“If the world hates you, you know that it has hated Me before it hated you.” —John 15:18

Nero’s Persecutions Begin, July 24, A.D. 64 (or 67)

The apostles had been forewarned by Jesus that persecution and martyrdom would be in their future. For thirty-one years the persecutions had been haphazard and typically—but not exclusively—inspired by Jewish leaders in different areas of the Roman Empire. In A.D. 64, the first systematic slaughter of Christians began, sponsored by the Roman emperor Nero Claudius Caesar Augustus Germanicus, the seventh Caesar, inaugurating what would become state-sponsored terrorism against Christians, periodically, through the ages.


Roman Emperor Nero Claudius Caesar Augustus Germanicus (A.D. 37-68)

The lives of Nero’s parents and grandparents were filled with scandals, immorality, and plots. His grandfather was, according to the Roman historian Seutonius, “a man in all the parts of his life ungracious and detestable,” a murderer, defrauder, an adulterer, a cheat, incestuous and treasonous. Nero’s predecessor Claudius was likely poisoned, and Claudius’s predecessor, Caligula, was stabbed to death by his Praetorian guard. Nero became Caesar at age sixteen, and would rule over the Roman Empire from 54-68 A.D. He was tutored and advised by the great Stoic philosopher Seneca. His beginnings were auspicious and did not publicly exhibit the savagery and excesses that would characterize most of his future rule. He bestowed favors and prizes to many, and provided cultural entertainments for the people of Rome. He fancied himself a musician and patron of the arts. Beneath the benevolent exterior, however, lay a perverted killer of ferocious potential.


Lucius Annaeus Seneca (c. 4 B.C. – A.D. 65) also known simply as Seneca, tutor and advisor to Nero


Nero ordering the murder of his mother, Agrippina

Nero’s mother Agrippina, daughter of a great general and sister, wife, and mother of emperors, became the real power behind the throne. She tried to control Nero’s life, and pursued sordid relationships with individuals close to him. She had the disconcerting habit of eliminating her enemies by poison. Five years after becoming emperor, Nero had his mother murdered. According to Tacitus, he also had his wife Octavia executed. Church historian Phillip Schaff wrote that Nero “heaped crime upon crime until he became a proverbial monster of iniquity.” The outrages he committed are beyond imagination. Some biblical historians believed Nero was the first anti-Christ of which Scripture speaks in the New Testament.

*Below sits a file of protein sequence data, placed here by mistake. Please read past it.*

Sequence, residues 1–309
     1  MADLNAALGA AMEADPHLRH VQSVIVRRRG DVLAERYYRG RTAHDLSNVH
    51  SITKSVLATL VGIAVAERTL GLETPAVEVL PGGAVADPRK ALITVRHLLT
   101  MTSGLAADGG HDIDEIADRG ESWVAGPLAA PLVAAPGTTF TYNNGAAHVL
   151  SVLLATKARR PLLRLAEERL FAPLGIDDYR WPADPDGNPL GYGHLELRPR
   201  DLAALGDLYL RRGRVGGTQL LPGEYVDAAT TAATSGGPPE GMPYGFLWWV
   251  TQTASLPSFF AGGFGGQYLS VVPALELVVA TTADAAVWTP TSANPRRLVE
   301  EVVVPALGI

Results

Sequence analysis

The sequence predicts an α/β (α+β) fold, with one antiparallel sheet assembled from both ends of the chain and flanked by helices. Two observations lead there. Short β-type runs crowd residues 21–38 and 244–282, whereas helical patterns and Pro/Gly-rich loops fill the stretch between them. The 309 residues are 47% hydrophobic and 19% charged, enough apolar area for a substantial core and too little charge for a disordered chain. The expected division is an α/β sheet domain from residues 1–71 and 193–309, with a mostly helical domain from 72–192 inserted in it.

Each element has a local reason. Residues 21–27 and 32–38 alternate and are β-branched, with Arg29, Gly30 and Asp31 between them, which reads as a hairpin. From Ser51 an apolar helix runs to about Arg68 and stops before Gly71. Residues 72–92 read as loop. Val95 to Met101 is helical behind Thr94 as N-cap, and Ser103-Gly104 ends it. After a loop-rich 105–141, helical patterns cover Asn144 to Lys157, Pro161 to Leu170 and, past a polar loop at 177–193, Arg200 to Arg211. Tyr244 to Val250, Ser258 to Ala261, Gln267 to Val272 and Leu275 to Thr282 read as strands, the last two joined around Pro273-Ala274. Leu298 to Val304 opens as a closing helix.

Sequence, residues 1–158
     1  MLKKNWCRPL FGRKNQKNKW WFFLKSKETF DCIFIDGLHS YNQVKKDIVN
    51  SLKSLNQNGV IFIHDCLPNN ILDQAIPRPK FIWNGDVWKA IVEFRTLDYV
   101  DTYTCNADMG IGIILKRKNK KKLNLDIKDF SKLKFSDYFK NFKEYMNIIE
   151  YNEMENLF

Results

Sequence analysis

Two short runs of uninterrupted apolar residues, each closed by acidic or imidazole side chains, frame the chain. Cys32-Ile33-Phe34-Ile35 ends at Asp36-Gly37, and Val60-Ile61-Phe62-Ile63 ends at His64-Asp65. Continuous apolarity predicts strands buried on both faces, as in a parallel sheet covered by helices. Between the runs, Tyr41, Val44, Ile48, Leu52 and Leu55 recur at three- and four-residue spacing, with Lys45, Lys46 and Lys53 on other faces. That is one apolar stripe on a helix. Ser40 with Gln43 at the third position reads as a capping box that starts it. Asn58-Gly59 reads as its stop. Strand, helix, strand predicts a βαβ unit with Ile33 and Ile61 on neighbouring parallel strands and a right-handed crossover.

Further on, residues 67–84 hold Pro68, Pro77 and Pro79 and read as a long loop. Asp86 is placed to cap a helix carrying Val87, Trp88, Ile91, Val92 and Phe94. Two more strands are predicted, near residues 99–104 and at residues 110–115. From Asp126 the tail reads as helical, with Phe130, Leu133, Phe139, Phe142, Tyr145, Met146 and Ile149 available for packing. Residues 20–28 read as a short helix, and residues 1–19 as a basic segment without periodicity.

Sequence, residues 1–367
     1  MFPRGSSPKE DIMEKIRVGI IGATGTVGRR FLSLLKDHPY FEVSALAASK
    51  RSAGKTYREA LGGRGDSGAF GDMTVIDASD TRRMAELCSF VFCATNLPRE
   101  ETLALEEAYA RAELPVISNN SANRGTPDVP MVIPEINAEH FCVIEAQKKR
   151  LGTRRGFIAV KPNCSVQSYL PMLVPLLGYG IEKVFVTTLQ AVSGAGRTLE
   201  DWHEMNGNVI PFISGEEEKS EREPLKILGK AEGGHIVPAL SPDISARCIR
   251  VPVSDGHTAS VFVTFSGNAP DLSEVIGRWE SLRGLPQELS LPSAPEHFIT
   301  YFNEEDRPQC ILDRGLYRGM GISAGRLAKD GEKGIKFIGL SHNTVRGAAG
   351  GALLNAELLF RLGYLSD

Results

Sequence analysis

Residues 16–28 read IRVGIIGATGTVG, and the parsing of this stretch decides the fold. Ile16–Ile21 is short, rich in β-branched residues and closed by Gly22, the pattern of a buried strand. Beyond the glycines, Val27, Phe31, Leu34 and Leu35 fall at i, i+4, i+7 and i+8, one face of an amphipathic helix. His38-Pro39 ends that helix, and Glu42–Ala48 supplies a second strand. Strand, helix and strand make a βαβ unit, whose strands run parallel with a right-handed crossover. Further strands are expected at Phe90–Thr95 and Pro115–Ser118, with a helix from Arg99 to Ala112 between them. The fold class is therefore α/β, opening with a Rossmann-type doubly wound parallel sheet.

In mid-July of A.D. 64, a great fire swept through Rome, beginning among the retail stores around the circus maximus, destroying homes and temples; for almost a week it consumed many old structures of the city. The consensus of Roman historians claim that Nero was responsible for the setting of the fire in order to use the cleared areas to build his own “Golden House” and other new and better buildings—a sort of urban renewal by fire. No direct evidence links him to the event, but he used it for his own purposes (as modern politician Rahm Emmanuel said, “Never let a crisis go to waste”). Nero rushed to the area himself and gave money to victims from his own treasury and opened his house to the newly homeless. Besides a new palace, he built in the now burned-over district, a statue to himself, “the Colossus of Nero.” The cost of rebuilding Rome proved enormous, along with the taxes he levied to make it happen.


Roman coin (c. A.D. 64-66) showing Nero distributing charity to a citizen


According to Roman historian Suetonius (c. A.D. 69-122), many Romans believed that the Great Fire of Rome (July A.D. 64) was instigated by Nero to clear the way for his planned palatial complex, the Domus Aurea

Nero’s attempts to explain the disaster and deflect criticism of himself all failed until he declared that the fire had been started by the small Christian community in Rome. He initiated the first systematic state-sponsored persecution of Christians on July 24. Arrested, thrown to wild beasts, and crucified, the Christians were rounded up and sacrificed. While the persecution began in Rome, it spread to other provinces of the Empire. Already suspect for their sacramental rites and accused by the Jews of all sorts of evil practices, the Christians’ refusal to worship Caesar as a god brought charges of treason. Although the number of believers killed is unknown, it likely included the Apostles Paul and Peter.


The Christian Martyrs’ Last Prayer, by Jean-Léon Gérôme
depicts a generalized view of Christian martyrdom in ancient Rome

While Nero pursued artistic expression in various ways, his violent excesses, massacre of senators, and neglect of Rome in his later years brought about the withdrawal of Praetorian protection. He tried to commit suicide, but was likely murdered by one of his companions. The Senate declared him an enemy of the state. Most sources for the life and times of Nero are from the next generation of recorders, and all of them are in agreement about his depraved and bloody history. Persecution of Christians would continue among future Caesars from time to time, but the Church grew steadily and in all places of the Empire.